Jail ships lined up to relieve cell crisis: Government's tough line on crime pushes overcrowding to the limit

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The Independent Online
THE PRISON service is prepared to open up old army camps, turn a ship into a floating prison and once again use police cells to cope with severe overcrowding.

The moves announced by Derek Lewis, the director general of prisons, are the strongest indication yet that the service is in crisis as the Government's U-turn on criminal justice policy begins to bite, with magistrates and judges sending people to prison in droves.

Mr Lewis said activating emergency accommodation - the possibility of renting ships and mooring them in Barrow-in-Furness has been investigated - would be a 'regrettable step' because of all their deficiencies. But as an indication that they may become permanent fixtures, at least until six planned new prisons are completed in the next few years, he said extra staff would have to be recruited.

The prison population has been rising by about 250 a week and stands at 47,258 - nearly 1,000 more than the official capacity. The 6,500 increase since January which has affected men, women and young offenders, compares with an average increase of 1,640 over the same period in each of the past five years.

It has led to inner-city local prisons being overcrowded by about a fifth, while jails such as Preston and Leicester in the North and Midlands, where the problem is more acute, are holding about 75 per cent more than they should.

Mr Lewis has warned of the increased risk of rioting and said two weeks ago that the situation 'is finely balanced and more volatile than it has been for some time'.

While Mr Lewis has been at pains to say he is not seeking to influence policy, his message will be seized upon by judges, prison governors, lawyers and penal reformers who have questioned the Home Secretary's 'prison works' philosophy. Last week, Judge Stephen Tumim, Chief Inspector of Prisons, warned of further riots and said that the elements of incarceration which did work, such as treatment and education programmes that tackled offending behaviour, were being disrupted by overcrowding.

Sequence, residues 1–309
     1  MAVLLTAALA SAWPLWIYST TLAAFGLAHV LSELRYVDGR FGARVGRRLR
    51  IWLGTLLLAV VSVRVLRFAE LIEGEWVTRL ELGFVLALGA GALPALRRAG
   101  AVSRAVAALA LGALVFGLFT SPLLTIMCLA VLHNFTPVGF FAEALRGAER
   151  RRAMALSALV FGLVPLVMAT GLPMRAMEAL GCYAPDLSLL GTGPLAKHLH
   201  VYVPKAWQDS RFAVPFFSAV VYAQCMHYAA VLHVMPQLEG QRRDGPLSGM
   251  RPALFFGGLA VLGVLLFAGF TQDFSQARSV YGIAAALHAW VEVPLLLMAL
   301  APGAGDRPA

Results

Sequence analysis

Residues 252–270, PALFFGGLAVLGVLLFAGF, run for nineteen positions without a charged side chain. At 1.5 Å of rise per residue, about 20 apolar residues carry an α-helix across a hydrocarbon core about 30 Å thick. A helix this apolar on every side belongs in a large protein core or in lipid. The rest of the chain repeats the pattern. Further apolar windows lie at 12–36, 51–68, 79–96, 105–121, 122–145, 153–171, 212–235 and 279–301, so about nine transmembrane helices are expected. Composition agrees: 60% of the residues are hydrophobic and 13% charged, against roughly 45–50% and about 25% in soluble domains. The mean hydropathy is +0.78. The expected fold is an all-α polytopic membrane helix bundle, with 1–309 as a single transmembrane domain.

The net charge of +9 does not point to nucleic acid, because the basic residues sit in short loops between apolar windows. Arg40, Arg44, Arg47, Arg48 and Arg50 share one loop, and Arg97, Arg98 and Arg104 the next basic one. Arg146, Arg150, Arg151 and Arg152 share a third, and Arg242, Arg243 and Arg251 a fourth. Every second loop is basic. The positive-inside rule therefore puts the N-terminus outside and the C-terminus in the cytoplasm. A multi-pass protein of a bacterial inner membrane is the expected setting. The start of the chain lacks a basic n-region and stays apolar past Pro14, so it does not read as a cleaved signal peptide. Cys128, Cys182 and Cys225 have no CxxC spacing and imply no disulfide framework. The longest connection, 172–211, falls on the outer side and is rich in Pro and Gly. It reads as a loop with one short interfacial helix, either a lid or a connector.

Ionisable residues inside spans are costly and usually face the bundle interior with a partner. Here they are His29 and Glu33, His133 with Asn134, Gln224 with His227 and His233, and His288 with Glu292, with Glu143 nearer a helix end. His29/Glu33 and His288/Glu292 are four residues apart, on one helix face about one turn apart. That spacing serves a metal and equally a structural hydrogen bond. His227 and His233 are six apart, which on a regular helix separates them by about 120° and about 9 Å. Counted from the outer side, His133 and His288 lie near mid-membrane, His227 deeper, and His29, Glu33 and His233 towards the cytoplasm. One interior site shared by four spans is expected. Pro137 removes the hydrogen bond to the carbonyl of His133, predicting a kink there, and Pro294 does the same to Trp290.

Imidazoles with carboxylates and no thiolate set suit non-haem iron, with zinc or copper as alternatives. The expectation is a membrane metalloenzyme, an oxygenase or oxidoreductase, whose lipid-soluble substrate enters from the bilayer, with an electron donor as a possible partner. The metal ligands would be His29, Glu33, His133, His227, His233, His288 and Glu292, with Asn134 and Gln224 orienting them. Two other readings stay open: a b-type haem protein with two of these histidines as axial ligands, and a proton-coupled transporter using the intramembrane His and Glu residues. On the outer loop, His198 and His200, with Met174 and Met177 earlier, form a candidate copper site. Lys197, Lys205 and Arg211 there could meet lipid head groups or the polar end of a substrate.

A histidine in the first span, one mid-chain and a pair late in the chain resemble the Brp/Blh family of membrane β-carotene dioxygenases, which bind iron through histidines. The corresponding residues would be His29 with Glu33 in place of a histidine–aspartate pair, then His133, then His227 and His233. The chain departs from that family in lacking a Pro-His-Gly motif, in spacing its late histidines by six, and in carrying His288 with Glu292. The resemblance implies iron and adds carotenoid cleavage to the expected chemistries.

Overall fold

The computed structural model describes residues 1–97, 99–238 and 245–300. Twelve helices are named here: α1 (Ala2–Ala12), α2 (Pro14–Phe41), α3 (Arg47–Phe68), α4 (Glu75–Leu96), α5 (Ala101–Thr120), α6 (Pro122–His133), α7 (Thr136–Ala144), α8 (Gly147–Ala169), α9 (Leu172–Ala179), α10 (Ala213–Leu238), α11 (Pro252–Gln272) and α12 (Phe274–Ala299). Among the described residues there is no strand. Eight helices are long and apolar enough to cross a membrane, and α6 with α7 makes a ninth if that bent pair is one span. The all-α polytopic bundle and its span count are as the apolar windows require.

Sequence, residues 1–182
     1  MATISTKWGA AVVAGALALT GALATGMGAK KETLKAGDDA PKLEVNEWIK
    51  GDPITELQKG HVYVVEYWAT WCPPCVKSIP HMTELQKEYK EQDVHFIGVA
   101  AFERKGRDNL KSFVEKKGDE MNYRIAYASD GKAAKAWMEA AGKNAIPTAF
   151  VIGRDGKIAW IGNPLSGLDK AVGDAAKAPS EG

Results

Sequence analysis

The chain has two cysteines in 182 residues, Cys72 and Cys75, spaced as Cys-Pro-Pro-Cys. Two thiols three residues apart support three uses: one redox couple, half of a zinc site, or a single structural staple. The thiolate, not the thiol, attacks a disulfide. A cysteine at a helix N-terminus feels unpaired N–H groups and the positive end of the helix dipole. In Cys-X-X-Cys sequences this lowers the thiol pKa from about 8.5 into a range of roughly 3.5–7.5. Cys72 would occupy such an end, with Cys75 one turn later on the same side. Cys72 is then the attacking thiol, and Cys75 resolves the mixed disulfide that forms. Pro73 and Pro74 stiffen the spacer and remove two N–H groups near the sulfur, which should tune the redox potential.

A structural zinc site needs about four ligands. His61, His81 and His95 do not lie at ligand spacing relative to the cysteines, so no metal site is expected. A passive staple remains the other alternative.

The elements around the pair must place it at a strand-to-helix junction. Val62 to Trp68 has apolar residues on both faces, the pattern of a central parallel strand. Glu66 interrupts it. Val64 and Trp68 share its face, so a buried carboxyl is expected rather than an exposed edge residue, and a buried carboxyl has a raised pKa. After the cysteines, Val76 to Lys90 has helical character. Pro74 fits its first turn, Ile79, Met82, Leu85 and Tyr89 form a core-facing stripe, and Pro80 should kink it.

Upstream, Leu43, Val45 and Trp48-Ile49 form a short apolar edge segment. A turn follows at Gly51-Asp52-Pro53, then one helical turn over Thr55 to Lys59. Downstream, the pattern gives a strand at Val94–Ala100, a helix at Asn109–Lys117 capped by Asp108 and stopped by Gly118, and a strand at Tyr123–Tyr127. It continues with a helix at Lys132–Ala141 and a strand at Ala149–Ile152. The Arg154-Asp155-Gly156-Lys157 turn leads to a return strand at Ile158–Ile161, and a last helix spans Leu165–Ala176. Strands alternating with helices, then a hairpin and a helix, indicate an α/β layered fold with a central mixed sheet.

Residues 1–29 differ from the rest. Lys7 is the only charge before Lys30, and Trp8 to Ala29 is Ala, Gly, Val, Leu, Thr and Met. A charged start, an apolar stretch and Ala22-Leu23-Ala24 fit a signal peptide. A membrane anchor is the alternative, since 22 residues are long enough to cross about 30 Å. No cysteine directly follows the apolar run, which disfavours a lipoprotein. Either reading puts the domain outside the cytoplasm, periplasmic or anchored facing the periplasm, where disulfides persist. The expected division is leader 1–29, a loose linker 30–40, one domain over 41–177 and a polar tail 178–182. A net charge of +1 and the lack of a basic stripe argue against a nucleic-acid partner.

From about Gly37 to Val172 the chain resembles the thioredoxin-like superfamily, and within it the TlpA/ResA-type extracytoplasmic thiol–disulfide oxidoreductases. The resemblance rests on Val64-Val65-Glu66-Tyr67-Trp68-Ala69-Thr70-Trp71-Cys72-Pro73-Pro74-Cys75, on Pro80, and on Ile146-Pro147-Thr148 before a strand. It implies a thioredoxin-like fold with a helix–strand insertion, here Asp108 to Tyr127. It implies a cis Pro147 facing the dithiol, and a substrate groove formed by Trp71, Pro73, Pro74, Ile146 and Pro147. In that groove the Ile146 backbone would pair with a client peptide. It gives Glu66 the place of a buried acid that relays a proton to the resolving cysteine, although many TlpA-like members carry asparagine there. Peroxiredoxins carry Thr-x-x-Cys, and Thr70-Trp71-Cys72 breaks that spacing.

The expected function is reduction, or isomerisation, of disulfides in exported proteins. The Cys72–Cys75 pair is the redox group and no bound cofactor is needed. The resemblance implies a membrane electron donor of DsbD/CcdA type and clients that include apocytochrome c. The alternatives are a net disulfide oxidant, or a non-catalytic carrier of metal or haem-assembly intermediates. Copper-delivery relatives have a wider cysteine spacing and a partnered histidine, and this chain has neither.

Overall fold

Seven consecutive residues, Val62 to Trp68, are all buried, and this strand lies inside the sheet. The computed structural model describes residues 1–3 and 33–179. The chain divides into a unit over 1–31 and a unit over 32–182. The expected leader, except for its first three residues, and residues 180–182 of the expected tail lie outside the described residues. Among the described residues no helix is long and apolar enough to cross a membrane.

Yesterday, speaking at the service's annual conference in Blackpool, Mr Lewis echoed Judge Tumim. While the main duty was to accommodate those jailed by the courts, he added: 'That does not mean we should be silent.

''We have an equal duty to state clearly if the population, or the resources available, or any other factor make it impossible to achieve our purpose and goals.' The spurt in population put at risk the ability to fulfil the service's purpose of looking after prisoners with humanity and helping them to lead law-abiding lives.

Some modernisation programmes aimed at ending slopping out - another reform regarded by Judge Tumim as vital - will have to be postponed, because no extra funds are forthcoming.

Mr Lewis's comments will force Michael Howard, the Home Secretary, to defend his tough new policy on offenders when he addresses the conference tomorrow. But there has been no indication of any weakening of resolve, as demonstrated by his announcement last Friday curtailing the use of cautions.

Yesterday Stephen Shaw, director of the Prison Reform Trust, said all the emergency provisions had drawbacks - particularly the ships which were reminiscent of the 19th century prison hulks. A ship was used in the 1980s to detain immigrants and asylum seekers.

The Police Federation said using police cells would be a 'retrograde step which will again take up more police time when officers should be out on the streets fighting crime'.

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